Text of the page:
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Know That What Has Come to You Could Not Have Missed You

“Know that what has come to you could not have missed you, and what has missed you could not have come to you,” these words spoken by the Prophet Muhammad ﷺ, were often repeated by Mohammad Gaddafi in sharing his story. Gaddafi is a refugee from Afghanistan now living in San Diego, and has what he described at the start of our discussion as “a very interesting story”. Gaddafi, a native of Kabul, Afghanistan, begins from there.

“A very interesting story”:

“I had been sent on assignment to the police academy at the head of a group of 12 trainers from the Special Force unit of the Afghan National Police. We were there to train a group of 1000 officers including corporals, sergeants, and lieutenants. I had been working for the Special Force unit for 9 years, and in these 9 years we were never given Special Forces uniforms. I showed up on this Saturday, the morning of the collapse (of previous Afghan administration to the Taliban), and I see all 1000 officers with brand new Special Forces uniforms on. They looked so nice; it was a stunning scene. When time for the morning sessions came many were absent from training. I don’t know if they had been tipped off or what…but by about 10 AM everyone had taken all their uniforms off…everyone… saying hurry the Taliban are coming. In the meantime I was waiting for instructions to come from my commanders. They never came. By 12 PM I took my uniform off put it in my bag and kept it with me. I wasn’t scared. I always used to say I’ve been truthful to this homeland nothing will happen to me. I headed home. The streets were packed, and there were no taxis available. Everyone was going everywhere; it was so chaotic a dog would have lost his owner…

After riding on a bus, which seemed to be packed with hundreds of people I finally made it home. I spent the next couple days, pretty typically, giving lessons at my local boxing club. In the days after the collapse I had turned in my weapons, and went to retrieve my belongings from the station. My brothers were angry with me for turning in my weapons saying, “Everybody kept them why did you turn them in”. I told them that those weapons belonged to the country and I wouldn’t steal from its people. I wasn’t allowed to take many of my own personal equipment and uniforms, but did retrieve some pictures, awards, and boxing championship belts of mine.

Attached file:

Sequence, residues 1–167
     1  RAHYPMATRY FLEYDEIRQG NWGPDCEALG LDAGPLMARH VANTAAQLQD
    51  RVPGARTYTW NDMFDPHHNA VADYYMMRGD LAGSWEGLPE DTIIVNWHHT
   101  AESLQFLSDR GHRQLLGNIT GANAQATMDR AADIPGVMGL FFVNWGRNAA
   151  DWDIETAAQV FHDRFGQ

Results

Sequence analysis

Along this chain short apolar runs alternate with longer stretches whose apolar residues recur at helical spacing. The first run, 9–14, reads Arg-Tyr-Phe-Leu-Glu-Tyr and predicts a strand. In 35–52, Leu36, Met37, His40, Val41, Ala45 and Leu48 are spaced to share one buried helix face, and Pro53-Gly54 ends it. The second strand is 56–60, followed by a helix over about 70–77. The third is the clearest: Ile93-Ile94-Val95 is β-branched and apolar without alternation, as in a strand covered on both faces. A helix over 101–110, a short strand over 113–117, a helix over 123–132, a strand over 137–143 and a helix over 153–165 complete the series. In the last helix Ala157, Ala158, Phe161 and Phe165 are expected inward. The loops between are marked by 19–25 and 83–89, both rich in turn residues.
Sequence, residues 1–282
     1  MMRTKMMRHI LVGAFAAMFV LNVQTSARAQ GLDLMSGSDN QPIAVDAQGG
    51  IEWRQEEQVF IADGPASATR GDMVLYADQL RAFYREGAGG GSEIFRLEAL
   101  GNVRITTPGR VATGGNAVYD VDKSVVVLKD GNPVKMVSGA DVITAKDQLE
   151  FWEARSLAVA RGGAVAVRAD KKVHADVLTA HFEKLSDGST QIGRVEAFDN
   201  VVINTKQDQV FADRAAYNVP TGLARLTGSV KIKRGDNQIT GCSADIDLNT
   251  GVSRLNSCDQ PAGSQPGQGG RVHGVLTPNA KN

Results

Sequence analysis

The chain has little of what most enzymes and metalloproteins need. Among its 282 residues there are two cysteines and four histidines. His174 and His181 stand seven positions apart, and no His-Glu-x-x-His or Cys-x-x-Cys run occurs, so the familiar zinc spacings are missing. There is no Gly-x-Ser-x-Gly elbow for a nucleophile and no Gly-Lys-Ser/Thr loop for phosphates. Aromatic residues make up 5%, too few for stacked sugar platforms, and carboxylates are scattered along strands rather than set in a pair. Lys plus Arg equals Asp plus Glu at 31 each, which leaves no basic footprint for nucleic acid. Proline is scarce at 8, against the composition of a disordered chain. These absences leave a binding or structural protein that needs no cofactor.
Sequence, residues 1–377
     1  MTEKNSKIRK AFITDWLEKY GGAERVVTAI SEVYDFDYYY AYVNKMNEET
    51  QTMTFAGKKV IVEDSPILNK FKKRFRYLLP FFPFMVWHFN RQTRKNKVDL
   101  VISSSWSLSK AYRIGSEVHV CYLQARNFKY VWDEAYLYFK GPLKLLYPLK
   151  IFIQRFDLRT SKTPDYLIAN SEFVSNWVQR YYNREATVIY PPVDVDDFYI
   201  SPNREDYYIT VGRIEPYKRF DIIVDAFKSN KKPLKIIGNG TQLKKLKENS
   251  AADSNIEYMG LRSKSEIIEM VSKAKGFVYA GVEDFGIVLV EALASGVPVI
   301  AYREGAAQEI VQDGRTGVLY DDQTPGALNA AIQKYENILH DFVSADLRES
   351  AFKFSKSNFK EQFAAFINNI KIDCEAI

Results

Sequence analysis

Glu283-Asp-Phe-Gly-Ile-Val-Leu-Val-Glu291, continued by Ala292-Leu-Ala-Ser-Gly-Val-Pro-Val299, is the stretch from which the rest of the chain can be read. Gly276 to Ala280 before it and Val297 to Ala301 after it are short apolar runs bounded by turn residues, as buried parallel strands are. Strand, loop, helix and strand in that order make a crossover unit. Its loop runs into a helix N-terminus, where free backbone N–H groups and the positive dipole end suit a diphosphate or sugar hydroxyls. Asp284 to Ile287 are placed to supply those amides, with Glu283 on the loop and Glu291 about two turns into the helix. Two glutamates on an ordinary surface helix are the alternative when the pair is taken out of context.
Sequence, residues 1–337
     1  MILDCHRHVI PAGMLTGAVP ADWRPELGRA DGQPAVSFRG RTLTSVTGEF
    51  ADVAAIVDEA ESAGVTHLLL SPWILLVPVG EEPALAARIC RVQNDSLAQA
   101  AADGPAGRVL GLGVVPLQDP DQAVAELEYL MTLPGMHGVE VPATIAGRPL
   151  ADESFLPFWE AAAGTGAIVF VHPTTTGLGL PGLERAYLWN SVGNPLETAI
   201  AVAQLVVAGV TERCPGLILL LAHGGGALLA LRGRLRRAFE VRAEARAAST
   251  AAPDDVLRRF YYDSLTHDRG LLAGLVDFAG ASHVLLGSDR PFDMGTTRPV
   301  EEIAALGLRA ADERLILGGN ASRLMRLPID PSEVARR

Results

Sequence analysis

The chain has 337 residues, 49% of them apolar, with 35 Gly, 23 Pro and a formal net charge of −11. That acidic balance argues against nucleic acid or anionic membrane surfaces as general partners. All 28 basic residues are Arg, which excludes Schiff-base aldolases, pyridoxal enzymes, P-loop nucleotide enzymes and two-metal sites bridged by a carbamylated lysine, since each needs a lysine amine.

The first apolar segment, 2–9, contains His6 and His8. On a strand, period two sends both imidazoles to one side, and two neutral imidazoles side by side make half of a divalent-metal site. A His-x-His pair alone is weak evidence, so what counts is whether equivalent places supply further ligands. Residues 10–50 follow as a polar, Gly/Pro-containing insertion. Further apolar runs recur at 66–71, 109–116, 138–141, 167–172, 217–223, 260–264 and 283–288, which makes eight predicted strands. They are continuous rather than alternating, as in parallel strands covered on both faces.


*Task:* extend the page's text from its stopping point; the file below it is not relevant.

Gaddafi, a former Afghan national boxing champ in a post fight interview

On the third day, after returning from a task, a student and neighbor of mine informed me that they (the Taliban) came asking about me and my whereabouts. I didn’t fear harm from them, except that some of their lower level members maybe ignorant and act irrationally. So I went to a family member’s house, and after spending a couple nights there my brother suggested that we go to the airport to leave. We went to the airport that day, but it was too crowded so we returned. The next night my brother called me to go again, but my wife wouldn’t let me. She said, “If you’re going to go there, go in the daytime. Why go at night!” By the end of that week, I went to the airport with my brother again. My brother was in the Special Forces too. He’s still there. He’s in a bad situation, God help him. He has 5 kids, no job, and he’s in a lot of difficulties.

So later that week when I got to the airport, I seen people wearing our Special Forces uniforms, and I assumed they were from our unit so I wore mine along with my rank on it too. There was a good Taliban member there who was a good person, and he told me, “hurry take the uniform off, if they find out…” So I took the uniform off and went to a different section of the airport where people with documents were being admitted into the airport. I showed my documents and the guard told me to come. When he told me to come I jumped forward like 4 meters, and the American soldier was looking at me baffled.